Making the most of what we have

Land is expensive. If we can increase the amount of volume that we farm by increasing the amount of soil depth that our grasses and pastures have access to, then we can make our farms more adaptable to climate change and any struggles that may come in the future.

Improved water storage

Increasing soil carbon by 1 percent in a hectare of land can increase the soil’s water-holding capacity by 140,000 liters (37,000 gallons) of water. In Australia, we farm on large-scale properties. So on 100 hectares of land (250 acres), that’s an extra 14 million liters of water that can be stored on our property. This means that we can farm longer into the summer months as our soils are full of life. And we have found on our farm that soil biology translates to soil and pasture productivity.

Australian Carbon Credit Unit

Australia is actually the first country to create a government-recognized and backed system of carbon farming and credit creation. How this works is that farmers get paid for the measured carbon increase in their soils, which translates into a currency called ACCU, or Australian Carbon Credit Unit, which can then be sold for money or used to make a farmer’s property carbon neutral. This allows Australian farmers to take real, practical action against climate change.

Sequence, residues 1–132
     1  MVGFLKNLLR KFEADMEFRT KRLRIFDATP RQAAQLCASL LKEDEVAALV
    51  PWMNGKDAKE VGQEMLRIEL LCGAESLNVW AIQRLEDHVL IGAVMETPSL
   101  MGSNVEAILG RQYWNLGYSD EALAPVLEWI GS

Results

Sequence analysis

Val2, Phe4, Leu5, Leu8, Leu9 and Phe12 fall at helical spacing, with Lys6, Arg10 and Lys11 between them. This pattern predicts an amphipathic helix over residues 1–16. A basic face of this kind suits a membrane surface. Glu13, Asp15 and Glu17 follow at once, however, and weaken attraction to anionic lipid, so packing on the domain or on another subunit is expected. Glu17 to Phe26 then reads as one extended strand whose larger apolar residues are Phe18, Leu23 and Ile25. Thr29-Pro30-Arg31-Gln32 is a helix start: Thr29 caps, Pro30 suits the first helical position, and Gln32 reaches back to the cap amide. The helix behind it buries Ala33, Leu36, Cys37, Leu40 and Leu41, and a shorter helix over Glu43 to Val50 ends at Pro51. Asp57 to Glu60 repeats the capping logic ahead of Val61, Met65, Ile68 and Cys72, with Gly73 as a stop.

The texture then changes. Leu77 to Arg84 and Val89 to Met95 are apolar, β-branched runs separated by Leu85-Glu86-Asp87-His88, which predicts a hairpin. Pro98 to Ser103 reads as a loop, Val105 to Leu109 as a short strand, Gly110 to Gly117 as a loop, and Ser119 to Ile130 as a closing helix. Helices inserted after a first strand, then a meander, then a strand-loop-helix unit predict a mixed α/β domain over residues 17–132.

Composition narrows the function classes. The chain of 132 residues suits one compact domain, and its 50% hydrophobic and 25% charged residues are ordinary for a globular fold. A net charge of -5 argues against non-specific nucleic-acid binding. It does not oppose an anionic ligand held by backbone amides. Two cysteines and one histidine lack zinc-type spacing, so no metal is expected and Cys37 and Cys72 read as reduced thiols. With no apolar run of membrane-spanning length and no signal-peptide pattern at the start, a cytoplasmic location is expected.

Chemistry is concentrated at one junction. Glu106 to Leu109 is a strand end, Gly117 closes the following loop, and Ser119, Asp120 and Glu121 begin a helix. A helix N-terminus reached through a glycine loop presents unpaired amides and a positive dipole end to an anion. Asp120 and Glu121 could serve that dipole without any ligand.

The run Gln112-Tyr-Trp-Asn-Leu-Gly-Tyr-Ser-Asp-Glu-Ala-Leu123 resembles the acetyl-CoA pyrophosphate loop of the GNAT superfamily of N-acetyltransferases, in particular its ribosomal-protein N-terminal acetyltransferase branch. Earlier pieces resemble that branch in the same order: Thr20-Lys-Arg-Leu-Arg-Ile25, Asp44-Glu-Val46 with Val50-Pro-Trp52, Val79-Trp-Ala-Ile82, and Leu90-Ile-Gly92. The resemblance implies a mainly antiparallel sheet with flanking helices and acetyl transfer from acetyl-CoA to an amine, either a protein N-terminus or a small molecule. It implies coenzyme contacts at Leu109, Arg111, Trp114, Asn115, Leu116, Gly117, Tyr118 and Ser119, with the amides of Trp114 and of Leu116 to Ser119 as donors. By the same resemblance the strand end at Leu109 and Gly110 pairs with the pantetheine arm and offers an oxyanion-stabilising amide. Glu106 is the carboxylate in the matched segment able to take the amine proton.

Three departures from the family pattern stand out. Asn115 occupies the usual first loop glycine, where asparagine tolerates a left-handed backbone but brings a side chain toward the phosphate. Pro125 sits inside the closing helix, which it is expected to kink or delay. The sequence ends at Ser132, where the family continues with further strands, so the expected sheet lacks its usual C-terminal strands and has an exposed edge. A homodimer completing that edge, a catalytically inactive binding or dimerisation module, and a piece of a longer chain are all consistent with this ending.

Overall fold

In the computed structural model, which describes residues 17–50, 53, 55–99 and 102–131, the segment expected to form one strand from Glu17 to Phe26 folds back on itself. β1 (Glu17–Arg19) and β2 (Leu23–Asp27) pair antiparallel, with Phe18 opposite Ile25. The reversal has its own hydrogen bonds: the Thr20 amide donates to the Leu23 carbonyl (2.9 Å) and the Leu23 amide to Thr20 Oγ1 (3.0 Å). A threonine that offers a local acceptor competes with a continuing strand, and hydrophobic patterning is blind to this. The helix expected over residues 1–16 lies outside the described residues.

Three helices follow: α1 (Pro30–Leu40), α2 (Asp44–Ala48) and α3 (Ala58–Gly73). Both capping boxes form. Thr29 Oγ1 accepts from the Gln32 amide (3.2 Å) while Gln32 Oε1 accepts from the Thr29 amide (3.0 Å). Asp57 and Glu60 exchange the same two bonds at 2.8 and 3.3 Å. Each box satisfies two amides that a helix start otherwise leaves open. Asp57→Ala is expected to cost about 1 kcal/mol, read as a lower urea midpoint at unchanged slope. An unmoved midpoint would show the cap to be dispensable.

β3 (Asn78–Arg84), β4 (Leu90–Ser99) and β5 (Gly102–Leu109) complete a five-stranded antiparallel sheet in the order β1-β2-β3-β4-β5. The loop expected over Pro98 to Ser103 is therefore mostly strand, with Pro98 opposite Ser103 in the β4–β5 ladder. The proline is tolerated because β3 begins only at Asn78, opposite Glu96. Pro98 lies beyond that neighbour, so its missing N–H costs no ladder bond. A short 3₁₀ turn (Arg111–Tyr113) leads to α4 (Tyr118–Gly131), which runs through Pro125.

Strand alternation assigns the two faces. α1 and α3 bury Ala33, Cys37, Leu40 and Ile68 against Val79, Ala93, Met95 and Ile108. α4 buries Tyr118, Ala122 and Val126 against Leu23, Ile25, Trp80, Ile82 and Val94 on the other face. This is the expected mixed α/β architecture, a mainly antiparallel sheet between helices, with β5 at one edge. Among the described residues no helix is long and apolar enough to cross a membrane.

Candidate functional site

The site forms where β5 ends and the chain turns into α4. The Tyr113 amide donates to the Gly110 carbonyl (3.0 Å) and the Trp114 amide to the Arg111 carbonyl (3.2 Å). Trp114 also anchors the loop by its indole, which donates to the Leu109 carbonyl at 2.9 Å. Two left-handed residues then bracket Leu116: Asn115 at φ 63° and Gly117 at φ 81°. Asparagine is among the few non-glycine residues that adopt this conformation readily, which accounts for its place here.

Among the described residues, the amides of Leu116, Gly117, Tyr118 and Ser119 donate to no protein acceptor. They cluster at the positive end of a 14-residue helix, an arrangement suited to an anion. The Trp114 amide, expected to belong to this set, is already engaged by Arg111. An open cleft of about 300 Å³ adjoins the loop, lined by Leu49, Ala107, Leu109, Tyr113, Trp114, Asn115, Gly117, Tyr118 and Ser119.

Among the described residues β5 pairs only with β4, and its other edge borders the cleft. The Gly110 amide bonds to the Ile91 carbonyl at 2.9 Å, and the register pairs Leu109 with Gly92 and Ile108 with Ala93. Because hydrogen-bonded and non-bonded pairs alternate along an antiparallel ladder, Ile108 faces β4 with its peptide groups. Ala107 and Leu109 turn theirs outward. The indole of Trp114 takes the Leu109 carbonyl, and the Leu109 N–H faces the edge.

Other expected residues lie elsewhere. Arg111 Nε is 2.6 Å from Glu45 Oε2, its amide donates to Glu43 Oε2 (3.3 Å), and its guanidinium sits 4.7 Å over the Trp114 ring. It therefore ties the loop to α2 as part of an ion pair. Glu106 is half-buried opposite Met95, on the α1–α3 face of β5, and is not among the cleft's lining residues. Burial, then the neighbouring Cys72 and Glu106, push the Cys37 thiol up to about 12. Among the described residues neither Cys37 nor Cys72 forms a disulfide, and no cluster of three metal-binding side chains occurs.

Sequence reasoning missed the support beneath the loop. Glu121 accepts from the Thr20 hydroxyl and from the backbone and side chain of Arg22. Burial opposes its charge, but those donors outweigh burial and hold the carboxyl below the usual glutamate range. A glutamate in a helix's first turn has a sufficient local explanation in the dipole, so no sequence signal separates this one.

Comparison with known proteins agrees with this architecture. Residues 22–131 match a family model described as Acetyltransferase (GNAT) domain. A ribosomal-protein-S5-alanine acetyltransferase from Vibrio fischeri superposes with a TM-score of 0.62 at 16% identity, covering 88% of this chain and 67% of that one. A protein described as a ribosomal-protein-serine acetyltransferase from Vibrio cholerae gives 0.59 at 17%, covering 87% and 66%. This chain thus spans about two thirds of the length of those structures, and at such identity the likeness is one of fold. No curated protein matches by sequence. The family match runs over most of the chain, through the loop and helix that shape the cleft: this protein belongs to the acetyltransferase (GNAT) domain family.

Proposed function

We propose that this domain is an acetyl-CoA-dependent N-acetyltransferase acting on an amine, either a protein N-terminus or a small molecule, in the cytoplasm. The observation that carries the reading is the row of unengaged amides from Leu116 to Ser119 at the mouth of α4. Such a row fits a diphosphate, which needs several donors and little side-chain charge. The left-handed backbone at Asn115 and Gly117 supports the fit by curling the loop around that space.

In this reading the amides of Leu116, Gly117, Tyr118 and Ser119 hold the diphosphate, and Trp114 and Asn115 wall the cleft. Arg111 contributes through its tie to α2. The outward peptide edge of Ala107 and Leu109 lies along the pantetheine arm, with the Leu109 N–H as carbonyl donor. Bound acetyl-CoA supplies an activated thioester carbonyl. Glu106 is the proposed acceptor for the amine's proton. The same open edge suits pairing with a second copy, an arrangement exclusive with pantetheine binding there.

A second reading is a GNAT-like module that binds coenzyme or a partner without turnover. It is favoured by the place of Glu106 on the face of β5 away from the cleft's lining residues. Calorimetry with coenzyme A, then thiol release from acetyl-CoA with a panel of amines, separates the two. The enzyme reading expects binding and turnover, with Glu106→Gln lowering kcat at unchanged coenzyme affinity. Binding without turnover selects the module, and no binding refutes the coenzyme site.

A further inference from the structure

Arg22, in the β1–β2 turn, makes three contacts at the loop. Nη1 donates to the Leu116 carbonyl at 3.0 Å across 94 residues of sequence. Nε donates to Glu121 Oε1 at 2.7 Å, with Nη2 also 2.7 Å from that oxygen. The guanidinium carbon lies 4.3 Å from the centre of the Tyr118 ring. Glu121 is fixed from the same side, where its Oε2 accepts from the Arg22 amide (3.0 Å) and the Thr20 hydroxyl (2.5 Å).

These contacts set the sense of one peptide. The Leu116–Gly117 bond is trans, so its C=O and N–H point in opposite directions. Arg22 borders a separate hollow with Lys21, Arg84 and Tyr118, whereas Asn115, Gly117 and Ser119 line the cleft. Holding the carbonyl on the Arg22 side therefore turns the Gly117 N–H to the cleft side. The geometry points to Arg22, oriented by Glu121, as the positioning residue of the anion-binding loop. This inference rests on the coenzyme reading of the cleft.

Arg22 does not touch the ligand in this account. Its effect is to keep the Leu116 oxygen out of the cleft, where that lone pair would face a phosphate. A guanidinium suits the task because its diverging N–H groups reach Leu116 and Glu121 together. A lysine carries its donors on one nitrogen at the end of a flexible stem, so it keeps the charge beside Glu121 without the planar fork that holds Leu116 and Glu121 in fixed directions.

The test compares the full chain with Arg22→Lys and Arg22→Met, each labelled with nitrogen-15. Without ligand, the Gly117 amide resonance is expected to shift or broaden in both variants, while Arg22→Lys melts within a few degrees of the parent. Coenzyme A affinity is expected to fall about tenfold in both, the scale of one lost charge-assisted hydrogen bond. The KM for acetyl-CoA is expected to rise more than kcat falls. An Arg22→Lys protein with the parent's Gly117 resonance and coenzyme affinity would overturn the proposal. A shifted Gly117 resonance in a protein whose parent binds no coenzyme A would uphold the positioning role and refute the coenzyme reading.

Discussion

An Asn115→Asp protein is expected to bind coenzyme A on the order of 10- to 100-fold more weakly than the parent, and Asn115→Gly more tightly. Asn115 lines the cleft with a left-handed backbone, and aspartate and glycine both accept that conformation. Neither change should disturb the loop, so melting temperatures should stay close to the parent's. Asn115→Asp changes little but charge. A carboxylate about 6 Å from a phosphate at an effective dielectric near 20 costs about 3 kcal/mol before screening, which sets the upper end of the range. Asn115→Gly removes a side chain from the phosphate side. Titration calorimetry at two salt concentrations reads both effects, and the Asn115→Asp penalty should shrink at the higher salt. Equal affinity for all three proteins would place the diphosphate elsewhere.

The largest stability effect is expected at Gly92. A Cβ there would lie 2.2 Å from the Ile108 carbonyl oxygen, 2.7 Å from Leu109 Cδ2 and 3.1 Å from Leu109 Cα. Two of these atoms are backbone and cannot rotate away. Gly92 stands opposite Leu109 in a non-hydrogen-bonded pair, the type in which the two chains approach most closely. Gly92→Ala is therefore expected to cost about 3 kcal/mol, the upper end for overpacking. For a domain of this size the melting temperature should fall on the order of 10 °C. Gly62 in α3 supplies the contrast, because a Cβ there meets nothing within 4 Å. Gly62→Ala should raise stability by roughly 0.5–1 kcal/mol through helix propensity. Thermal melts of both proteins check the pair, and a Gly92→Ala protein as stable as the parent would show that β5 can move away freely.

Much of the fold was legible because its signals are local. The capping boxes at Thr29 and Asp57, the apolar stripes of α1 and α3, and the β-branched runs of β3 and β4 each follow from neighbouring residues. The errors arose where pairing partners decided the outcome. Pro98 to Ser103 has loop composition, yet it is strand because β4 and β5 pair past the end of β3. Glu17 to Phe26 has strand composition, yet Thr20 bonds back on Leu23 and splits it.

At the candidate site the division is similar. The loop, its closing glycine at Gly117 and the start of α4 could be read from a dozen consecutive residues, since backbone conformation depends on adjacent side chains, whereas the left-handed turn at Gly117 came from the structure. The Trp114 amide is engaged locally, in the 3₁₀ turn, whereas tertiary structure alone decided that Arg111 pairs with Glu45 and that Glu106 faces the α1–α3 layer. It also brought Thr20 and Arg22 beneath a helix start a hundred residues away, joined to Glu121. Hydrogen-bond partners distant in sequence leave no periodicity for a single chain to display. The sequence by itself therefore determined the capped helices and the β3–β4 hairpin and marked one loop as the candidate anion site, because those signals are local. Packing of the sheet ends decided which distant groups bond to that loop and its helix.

The SoilKee Renevator in a farm field.
The SoilKee Renovator in the field ready to rehabilitate the land and improve soil and pasture fertility. (Image: Keenan Whitsed)

Soilkee Renovator

In Australia, the first ACCU’s have been awarded to Victorian farmer Niels Olsen, who is the inventor of a machine called the Soilkee Renovator. Niels was able to measure an increase in carbon that was thought to be impossible. The SoilKee Renovator is now in the process of being proven and recognized as the best and fastest way to increase carbon in the soil in the world. 

The government over here actually found themselves in a funny situation; there was such an increase in soil carbon that they couldn’t believe it. The amount of sequestered carbon far surpassed the capabilities of a forest of tree planting. Eventually, though, the government had no choice but to accept the results.

Australia leads in the soil carbon industry

This actually means that Australia is not only leading the world in the soil carbon industry — although other countries are doing this through private industry — no other government has created an official system of carbon abatement and management. 

Soil carbon sequestration solves many of the problems faced with tree planting for farmers, as many farmers wanted to help and contribute, but didn’t want to sacrifice their land and pasture production to do so in a way that would actually make a difference. However, with increasing pasture soil carbon levels, Australian farmers are leading the world in taking real practical action on climate change while increasing their grass production and financial profitability.